In my view, the main problem with cardinal utility theory is that it is only possible in theory. I would argue that there is no real way to actually put cardinal utility theory into practice. Cardinal utility theory argues that it is possible to measure the amount of utility that a consumer gets from the consumption of any given good or service. However, this seems utterly impossible. There is no way to accurately measure the degree of satisfaction a person gets from a given economic transaction. You could ask a person to rank, on a scale of 1 to 100, how much satisfaction they got from a transaction, but that amount would be different for each person and would even differ from moment to moment for a given person.
Cardinal utility theory is useful as a way of getting us to think about consumer behavior, but it does not really give us any way to accurately measure consumer utility.
The concept of utility underlies all decision theory and rational choice modeling. It is foundational not only to economics, but also to game theory, political science, and other related disciplines.
The basic idea of utility is quite simple: We want some things more than other things. We think of some goods as "better" than other goods. Utility is an attempt to formalize this notion of preferring some goods over others in a way that can be applied mathematically.
Utility theory can broadly be separated into two types:
1. Ordinal utility, which is simply preferences themselves. A is better than B, B is better than C. That is all we can say; we cannot define something as "much better" or "slightly better" or "a large difference", because in ordinal utility these are strictly meaningless.
2. Cardinal utility, which was the original concept of utility. Goods give us a certain amount of happiness or satisfaction, and we prefer goods that give us more happiness to goods that give us less happiness. We could say that A is worth 100 utilons, while B is worth 50 and C is worth 20. Now we can make much more complex comparisons; we can say that 5 Cs should be equivalent to one A, for example, or that a 20% chance of an A is as good as having a C.
In fact, the Von Neumann-Morgenstern Theorem says that in order for behavior to be rational under conditions of risk, it must obey some form of cardinal utility function--ordinal utility is not enough. Moreover, Arrow's Impossibility Theorem shows that it is impossible to define the welfare of a society in purely ordinal terms. Again we must use cardinal utility in order to assess whether one society is doing better than another.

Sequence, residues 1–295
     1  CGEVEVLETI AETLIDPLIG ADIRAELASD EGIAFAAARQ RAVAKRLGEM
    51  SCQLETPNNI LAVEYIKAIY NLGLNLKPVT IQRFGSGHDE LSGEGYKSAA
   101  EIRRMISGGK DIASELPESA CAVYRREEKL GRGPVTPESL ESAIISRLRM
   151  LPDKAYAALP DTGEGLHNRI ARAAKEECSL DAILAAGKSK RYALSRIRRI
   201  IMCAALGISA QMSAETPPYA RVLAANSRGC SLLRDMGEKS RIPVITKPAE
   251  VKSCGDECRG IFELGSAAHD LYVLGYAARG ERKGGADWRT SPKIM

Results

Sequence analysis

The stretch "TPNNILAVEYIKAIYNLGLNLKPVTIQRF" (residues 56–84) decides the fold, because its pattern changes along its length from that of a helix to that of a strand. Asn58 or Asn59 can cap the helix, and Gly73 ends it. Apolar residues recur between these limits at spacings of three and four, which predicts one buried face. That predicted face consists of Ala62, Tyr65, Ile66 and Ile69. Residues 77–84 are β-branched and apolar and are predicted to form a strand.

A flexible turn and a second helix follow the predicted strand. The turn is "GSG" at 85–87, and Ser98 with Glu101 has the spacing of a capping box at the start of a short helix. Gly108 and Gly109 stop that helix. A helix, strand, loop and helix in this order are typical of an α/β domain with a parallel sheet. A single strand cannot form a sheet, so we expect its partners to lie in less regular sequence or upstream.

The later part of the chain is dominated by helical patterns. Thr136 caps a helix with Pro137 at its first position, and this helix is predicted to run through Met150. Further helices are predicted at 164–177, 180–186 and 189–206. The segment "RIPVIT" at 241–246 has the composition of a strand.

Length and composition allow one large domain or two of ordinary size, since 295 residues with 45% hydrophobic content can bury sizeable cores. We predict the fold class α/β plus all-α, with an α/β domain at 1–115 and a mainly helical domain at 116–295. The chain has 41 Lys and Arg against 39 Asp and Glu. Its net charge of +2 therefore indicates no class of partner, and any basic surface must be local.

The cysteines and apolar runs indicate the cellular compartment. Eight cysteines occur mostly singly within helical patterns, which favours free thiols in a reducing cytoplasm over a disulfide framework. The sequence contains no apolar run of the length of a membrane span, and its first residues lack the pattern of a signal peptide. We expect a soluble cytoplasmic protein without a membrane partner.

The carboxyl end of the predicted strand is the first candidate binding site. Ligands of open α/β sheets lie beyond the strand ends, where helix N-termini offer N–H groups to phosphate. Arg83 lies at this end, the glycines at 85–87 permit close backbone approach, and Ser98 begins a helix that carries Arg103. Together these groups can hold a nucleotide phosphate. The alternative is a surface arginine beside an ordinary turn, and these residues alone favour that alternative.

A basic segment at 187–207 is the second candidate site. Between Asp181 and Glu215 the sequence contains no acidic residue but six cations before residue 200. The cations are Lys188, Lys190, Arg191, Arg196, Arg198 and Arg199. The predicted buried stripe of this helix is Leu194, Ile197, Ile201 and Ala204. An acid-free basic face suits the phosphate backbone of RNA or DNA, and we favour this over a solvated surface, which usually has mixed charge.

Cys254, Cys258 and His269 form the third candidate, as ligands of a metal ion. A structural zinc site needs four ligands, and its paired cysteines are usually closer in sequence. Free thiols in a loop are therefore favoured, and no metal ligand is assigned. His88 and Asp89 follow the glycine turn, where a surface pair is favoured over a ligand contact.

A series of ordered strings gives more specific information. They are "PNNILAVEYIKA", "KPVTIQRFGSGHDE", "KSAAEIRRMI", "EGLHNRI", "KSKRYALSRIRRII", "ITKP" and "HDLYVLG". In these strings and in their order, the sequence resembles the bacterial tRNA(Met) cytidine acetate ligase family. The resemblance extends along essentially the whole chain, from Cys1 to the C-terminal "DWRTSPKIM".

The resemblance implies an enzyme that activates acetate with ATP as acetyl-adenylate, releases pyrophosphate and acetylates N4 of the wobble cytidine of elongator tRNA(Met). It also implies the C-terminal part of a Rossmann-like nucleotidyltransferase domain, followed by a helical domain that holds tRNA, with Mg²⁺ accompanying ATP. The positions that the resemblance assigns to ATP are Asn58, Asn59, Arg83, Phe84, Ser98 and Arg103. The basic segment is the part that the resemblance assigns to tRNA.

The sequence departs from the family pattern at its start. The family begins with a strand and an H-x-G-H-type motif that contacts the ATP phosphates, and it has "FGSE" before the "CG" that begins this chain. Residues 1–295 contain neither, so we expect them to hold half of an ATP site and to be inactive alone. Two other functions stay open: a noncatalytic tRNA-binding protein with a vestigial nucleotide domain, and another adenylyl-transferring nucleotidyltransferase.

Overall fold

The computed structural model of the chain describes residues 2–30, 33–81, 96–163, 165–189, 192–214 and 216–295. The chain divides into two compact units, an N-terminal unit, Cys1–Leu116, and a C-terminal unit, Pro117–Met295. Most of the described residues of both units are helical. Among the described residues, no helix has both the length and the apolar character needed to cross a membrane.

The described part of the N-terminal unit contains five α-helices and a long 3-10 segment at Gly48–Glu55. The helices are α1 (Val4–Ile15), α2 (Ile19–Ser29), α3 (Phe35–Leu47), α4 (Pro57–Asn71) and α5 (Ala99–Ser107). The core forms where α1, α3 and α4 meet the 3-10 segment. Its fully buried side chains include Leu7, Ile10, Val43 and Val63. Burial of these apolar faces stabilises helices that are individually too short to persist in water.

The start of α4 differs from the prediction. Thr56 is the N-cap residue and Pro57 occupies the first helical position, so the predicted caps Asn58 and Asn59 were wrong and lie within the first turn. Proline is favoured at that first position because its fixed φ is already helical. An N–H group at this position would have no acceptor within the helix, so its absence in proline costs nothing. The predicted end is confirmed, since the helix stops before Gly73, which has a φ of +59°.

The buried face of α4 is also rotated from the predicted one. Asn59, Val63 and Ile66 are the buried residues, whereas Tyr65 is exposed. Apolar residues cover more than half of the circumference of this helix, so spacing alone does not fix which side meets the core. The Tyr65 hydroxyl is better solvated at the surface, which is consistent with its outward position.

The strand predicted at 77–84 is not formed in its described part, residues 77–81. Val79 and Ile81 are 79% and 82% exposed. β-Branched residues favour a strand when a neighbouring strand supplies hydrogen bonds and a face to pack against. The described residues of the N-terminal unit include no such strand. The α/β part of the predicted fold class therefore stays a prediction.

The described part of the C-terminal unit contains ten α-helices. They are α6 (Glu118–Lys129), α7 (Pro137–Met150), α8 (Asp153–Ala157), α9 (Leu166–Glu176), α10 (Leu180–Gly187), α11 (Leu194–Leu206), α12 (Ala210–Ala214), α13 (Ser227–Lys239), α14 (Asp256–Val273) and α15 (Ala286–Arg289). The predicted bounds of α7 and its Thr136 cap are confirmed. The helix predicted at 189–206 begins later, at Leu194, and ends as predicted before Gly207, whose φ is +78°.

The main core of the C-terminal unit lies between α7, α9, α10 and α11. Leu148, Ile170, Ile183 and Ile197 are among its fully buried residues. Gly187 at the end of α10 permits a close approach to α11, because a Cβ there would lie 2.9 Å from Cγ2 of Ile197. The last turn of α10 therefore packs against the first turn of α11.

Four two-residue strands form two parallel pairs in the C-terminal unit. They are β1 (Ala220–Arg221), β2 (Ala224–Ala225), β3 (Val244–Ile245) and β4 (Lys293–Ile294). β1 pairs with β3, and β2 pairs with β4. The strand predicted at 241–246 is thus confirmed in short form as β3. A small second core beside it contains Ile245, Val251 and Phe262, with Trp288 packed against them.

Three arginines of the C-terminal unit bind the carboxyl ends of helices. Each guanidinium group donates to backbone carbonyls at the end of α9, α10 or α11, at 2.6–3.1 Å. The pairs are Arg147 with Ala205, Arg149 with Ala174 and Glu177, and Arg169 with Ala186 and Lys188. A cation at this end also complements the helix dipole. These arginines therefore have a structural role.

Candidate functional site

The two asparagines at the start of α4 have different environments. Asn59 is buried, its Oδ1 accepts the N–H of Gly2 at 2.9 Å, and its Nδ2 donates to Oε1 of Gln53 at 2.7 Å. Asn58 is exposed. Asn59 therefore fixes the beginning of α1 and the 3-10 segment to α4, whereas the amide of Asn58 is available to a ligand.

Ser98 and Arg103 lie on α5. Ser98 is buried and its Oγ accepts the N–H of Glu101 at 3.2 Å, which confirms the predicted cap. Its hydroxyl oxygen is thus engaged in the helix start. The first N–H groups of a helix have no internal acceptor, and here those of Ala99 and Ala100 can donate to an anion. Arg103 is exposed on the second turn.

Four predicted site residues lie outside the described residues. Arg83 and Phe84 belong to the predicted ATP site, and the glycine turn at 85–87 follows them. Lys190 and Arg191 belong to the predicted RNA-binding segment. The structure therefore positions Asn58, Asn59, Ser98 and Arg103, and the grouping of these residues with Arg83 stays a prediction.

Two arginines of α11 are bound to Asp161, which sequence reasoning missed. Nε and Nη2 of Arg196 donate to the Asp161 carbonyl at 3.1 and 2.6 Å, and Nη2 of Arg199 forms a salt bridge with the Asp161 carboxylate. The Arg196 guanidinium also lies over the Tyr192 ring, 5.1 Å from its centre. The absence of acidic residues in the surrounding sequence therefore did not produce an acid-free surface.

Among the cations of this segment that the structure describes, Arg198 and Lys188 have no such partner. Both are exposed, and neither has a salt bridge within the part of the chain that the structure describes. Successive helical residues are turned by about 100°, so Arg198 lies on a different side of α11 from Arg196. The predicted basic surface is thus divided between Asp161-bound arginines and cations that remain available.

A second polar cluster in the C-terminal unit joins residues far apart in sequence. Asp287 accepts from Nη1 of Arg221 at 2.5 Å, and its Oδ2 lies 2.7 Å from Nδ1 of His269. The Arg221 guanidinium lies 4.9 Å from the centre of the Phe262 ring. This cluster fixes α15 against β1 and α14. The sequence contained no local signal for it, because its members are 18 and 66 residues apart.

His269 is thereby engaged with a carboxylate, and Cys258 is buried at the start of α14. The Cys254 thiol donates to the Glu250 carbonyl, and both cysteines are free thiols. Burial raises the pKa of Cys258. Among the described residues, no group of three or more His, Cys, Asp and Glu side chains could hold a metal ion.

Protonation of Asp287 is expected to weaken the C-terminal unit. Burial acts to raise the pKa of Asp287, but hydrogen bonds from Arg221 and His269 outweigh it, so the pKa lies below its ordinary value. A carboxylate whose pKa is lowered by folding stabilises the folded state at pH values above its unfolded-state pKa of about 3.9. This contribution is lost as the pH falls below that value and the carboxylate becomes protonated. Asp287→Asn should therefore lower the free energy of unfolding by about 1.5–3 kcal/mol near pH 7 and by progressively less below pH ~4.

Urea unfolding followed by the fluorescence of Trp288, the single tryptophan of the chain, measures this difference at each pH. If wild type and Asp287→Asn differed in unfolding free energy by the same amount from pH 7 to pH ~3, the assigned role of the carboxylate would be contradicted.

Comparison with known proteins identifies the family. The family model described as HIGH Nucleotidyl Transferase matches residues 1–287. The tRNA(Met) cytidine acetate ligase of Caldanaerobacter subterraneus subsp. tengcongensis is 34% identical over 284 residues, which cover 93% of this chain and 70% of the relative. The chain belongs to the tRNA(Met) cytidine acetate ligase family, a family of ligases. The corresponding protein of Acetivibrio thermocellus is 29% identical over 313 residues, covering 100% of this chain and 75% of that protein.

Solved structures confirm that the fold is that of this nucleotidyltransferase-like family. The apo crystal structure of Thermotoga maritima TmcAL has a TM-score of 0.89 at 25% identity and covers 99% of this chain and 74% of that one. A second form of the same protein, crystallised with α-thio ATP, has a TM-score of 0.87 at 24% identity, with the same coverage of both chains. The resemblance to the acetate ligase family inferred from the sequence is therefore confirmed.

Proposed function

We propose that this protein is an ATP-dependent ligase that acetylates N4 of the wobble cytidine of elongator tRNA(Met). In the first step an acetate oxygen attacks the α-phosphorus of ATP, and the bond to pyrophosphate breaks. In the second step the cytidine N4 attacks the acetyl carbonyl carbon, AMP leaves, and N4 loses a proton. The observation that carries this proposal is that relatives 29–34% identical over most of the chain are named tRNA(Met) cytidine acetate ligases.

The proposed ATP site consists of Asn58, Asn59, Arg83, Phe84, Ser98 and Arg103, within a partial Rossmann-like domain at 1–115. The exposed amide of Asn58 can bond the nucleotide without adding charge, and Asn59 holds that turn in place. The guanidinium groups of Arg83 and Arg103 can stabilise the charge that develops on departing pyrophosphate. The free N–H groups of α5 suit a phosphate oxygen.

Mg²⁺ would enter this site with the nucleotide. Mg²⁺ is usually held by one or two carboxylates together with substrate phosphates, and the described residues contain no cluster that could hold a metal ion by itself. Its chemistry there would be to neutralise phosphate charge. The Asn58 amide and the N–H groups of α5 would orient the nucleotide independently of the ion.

With respect to the third commenter, it is not impossible to measure cardinal utility; it is simply difficult. For many purposes it is not worth it, and ordinal utility will do; but for some purposes cardinal utility is necessary. How can we measure it? The simplest way is to use surveys, and just ask people questions like "Rate on a scale from 0 to 10 how much you like A, B, and C." (When Amazon.com and Netflix ask you to rate things in 1 to 5 stars, they are making a rough measurement of cardinal utility.) More precise methods involve measuring action potentials in the brain, part of the emerging field of neuroeconomics. We still do not have reliable precise measures of cardinal utility, but it is an ongoing field of research.
In economics, utility refers to the satisfaction or benefits consumer derive from consuming a product or service. The willingness of consumers to pay a given price for a product or service, and the choice of all the quantities of goods and services purchased by them depends on the quantity of utility they expect to derive from different goods. All such discussions of utility and its impact on demand and other economic behavior assumes that utility is a variable which can be measured and represented in terms of numerical cardinal quantities. This assumption of measurably of utility is not accepted by all economists. When utility as treated as something can be measured and its quantity represented in numbers, it is called cardinal utility. An alternate approach maintains it is possible to compare two different utilities and say which one is greater and which one is smaller, but it in not possible to assign a number to its quantity. Utility treated this way is called ordinal utility. The concept of ordinal utility implies that it is possible ti arrange different utilities according to the amount of satisfaction, but it is not possible to measure utility.
Utility is the satisfaction or pleasure that a person obtains from consuming a good or service. It is subjective because it depends on the taste and preferences of the individual consuming that particular good or service. As such, utility is a factor in the assumptions influencing consumer demand theory. And generally the consumer demand curve is sloped downwards because consumers' utility decreases as they consume more of a good or service. Consumer demand also decreases because consumers want to obtain as much satisfaction as possible at the lowest possible price; so when prices increase consumers reduce their purchases of that product.
Cardinal utility is countable. It is measured in a unit known as util, a quantifier of utility. Cardinal utility measurement approach is still mostly an economics theory that has not yet been fully applied to real economic situations. Basically for the cardinal approach, the consumer consumes two goods named S and T and as he or she consumes more of good S its utility decreases. The utility, however, of the less consumed good, good T, increases.